Methodological and Technological issues in Technology Transfer

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Case Study 14

Rural Electrification Using Photovoltaics in Ladakh, India
Arne Jacobson
Energy and Resources Group
University of California, Berkeley, CA 94720-3050

Keywords:Ladakh, India, photovoltaic, rural electrification, S S.

In the Ladakh region of India, government funded photovoltaic (PV) systems are used for rural electrification. The system capital costs are covered by the government; homeowners must pay for maintenance costs. Systems have been installed by several agencies. One, an NGO called the Social Work and Research Centre (SWRC), has successfully installed long lasting systems. Two contributing factors to their success are the SWRC's development of a maintenance infrastructure for PV systems and Indian government standards on the design and installation of PV systems.

The SWRC's success contributes to a high demand for PV among Ladakhi villagers. Local policymakers have responded by allocating money for PV. However, the focus is on installing new systems, not on building a maintenance infrastructure. There is a danger that despite the SWRC's positive example, a large number of PV systems will be installed without provision for maintenance.

Ladakh is an isolated high desert in northern India. The 100,000 sq. km region is sparsely populated by subsistence farmers and nomadic herders (pop. 170,000).

Approximately 85% of the population has some access to electricity. Plans are in place to electrify the remaining portion in the next few years, mostly using PV.

Barriers for PV electrification include mountainous terrain, bad roads, a harsh winter climate, low population density, and a lack of skilled technicians and managers. To date, low rural per capita income (estimated at $US 45/yr) has not proven problematic, but only because of large subsidies.

PV electrification is funded by the Indian Government. Funds are distributed to NGOs and private contractors through state and local government agencies.

PV systems cost about $US 450, and consist of a 35 watt solar panel, a 75 Ahr deep cycle battery, a charge controller with low voltage disconnect, and 2 fluorescent lamps (9-11 watt). The winter solar resource in Ladakh allows for three hours of lighting per day.

PV systems are popular among villagers and policymakers. Reasons include low cost per electrified family, short installation times, and a reputation for reliability. Of 200 surveyed systems, 71% were fully functional, 27% were partially functional, and 2% were non-functional. However, the average age of the surveyed systems was only 2.4 years; more failures are likely to occur in time.

The short-term success of the systems is in part because government standards require the use of quality components.

PV System Maintenance:
There are two arrangements for maintaining PV systems. The most common is a one year warranty on parts and labour. After one year these systems generally are not properly maintained, as family incomes are low and no businesses in Ladakh service PV systems or sell the appropriate components.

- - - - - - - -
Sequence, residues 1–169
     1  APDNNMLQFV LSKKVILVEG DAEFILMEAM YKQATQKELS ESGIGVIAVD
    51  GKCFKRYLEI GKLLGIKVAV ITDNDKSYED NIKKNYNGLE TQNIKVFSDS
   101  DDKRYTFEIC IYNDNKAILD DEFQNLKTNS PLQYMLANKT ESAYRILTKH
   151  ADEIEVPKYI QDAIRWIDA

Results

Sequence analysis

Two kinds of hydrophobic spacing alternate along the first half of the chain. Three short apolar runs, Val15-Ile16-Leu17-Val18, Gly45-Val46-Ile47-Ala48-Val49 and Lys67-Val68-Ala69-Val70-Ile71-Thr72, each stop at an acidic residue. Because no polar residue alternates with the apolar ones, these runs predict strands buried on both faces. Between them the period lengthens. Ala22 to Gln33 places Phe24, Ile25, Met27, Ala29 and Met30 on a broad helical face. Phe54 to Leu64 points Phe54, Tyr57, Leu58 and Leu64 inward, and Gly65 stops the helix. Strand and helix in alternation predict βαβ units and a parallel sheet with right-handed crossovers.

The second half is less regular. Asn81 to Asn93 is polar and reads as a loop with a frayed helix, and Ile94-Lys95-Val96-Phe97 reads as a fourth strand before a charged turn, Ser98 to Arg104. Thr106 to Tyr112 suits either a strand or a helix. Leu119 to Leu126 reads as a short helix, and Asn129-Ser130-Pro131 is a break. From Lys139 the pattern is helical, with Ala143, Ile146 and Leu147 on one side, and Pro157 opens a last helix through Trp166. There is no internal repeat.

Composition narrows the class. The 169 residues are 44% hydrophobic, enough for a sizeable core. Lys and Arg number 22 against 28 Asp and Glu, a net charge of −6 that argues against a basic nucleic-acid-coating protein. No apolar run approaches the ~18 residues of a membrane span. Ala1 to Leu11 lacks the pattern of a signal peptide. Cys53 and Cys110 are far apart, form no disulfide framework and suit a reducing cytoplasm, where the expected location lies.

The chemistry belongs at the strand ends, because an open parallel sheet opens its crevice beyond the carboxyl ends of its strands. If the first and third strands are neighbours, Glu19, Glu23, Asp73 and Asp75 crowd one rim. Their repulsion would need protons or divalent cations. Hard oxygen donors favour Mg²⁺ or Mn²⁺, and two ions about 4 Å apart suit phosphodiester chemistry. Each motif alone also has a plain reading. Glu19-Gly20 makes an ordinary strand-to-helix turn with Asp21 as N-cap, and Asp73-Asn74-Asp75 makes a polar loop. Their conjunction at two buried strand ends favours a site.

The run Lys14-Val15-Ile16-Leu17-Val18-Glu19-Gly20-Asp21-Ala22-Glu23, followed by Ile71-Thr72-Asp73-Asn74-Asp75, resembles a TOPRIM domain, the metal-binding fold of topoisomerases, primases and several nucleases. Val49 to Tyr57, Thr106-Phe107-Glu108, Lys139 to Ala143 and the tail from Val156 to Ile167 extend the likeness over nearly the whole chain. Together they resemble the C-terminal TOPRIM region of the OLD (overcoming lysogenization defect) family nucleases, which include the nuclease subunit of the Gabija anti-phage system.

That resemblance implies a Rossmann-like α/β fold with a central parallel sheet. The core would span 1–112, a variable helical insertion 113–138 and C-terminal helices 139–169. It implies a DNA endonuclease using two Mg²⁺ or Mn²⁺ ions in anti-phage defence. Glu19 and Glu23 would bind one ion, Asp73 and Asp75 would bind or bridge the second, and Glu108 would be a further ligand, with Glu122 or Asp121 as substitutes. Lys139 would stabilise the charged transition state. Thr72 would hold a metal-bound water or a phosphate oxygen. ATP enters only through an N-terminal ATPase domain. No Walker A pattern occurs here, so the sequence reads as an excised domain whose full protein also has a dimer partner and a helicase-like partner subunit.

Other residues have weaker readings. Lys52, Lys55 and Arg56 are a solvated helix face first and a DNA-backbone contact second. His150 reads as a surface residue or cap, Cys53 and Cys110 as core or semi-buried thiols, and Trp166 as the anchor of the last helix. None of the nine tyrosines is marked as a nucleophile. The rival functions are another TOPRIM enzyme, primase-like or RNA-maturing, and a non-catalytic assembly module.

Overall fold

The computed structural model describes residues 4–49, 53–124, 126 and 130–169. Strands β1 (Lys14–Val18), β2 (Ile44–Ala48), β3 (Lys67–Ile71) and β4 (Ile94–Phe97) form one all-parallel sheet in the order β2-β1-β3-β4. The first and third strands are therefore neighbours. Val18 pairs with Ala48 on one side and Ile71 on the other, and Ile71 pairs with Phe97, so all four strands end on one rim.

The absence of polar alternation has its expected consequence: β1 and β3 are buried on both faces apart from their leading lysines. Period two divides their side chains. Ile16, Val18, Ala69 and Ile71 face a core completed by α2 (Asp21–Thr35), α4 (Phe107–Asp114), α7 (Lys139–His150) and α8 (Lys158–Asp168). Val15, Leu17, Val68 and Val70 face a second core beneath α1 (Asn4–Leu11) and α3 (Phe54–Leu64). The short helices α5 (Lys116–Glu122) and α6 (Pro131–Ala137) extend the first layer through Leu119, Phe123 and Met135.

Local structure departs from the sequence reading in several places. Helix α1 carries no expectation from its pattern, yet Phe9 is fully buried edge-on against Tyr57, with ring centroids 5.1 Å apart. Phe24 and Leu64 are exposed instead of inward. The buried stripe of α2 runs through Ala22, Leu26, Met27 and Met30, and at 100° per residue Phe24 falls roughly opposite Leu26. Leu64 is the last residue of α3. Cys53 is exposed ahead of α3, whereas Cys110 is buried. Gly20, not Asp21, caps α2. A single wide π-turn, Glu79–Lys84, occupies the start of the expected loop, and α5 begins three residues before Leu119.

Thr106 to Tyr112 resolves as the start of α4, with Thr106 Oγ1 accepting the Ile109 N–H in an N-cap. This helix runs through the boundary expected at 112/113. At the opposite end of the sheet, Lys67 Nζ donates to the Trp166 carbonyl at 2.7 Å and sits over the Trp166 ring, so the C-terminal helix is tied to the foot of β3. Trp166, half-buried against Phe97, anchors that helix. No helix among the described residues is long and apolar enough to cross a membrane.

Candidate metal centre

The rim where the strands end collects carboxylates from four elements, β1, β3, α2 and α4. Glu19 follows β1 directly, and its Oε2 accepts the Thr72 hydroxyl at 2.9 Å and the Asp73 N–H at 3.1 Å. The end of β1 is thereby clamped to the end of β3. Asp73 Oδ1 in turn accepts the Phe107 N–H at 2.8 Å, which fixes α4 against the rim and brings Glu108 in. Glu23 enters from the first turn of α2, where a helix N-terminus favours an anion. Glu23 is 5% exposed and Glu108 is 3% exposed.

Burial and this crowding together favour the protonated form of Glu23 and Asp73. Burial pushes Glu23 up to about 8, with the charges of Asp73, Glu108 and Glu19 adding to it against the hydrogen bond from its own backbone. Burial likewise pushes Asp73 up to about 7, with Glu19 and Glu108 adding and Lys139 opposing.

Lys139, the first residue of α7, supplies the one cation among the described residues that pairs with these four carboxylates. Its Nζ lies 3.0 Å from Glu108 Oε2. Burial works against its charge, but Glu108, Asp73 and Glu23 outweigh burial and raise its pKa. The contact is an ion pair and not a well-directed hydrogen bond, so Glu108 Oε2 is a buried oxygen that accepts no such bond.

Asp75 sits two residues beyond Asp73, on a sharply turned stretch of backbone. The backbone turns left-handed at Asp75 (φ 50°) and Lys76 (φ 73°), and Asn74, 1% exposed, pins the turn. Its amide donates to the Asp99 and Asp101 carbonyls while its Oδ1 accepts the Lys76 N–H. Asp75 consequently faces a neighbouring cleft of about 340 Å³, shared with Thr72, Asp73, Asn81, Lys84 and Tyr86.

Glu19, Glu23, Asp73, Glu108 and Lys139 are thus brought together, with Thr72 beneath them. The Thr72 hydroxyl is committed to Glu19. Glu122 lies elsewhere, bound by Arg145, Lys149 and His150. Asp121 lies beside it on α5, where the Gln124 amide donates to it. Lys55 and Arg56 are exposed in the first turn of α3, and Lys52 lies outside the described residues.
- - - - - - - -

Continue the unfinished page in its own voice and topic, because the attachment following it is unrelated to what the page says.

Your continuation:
Approximately 1,000 of the systems were installed by the SWRC, a local NGO in the Tilonia school network in India. The SWRC has done an excellent job of developing a village level maintenance infrastructure for servicing its PV systems. The programme includes an extensive hands-on training programme for village technicians. Homeowners pay a monthly fee ($US 0.70, covers ~50% of the post-technician training maintenance cost) in exchange for a ten year maintenance contract. Many of the SWRC systems still operate with their original batteries; a few of these systems are ten years old.

Unfortunately, system owners who are not in the SWRC network do not have access to their maintenance programme; this is due in part to the large distances between villages.

Success of PV Leads to More Installations:
The demand for electricity in Ladakh and the success of the SWRC's PV electrification programme have created pressure on local officials to install more systems. The response was to allocate funds for 2,000 systems for 1997 to 1999.

However, most of these installations will not follow the SWRC's methodology. Instead, the focus is on installing new systems; little money or time is allocated to developing a maintenance infrastructure. This approach will likely result in future problems, as systems that are not maintained will fail prematurely.

Approximately 5,000 PV systems are installed in Ladakh; 25% of the population is receiving electricity from solar energy. However, 70% of these installations have occurred in the last three years, and lack of maintenance may prove problematic.

Lessons Learned

Lack of funding is not an issue due to subsidies. Replication of this work will require access to capital.

Jacobson, A., 1997: Renewable Energy Resource Data Collection in Ladakh, India.Technical Report Delivered to the Ladakh Ecological Development Group.
Maithel, Malhotra, Prasad, and Singh, 1998: Renewable Energy Plan for Ladakh Region. Tata Energy Research Institute, New Delhi.
MNES, 1996: Solar Energy Group of the Ministry of Non-Conventional Energy Sources, Document No. 32/371/96-97/PV/SE, Government of India.

Mr. Sonam Dawa, Executive Councillor, Ladakh Autonomous Hill Development Council, Leh, Ladakh 194101, India. Tel: 91-1982-52397 Fax: 91-1982-52212.
Mr. Anchuk Colon, Director, Social Work and Research Center (SWRC), Leh, Ladakh 194101, India

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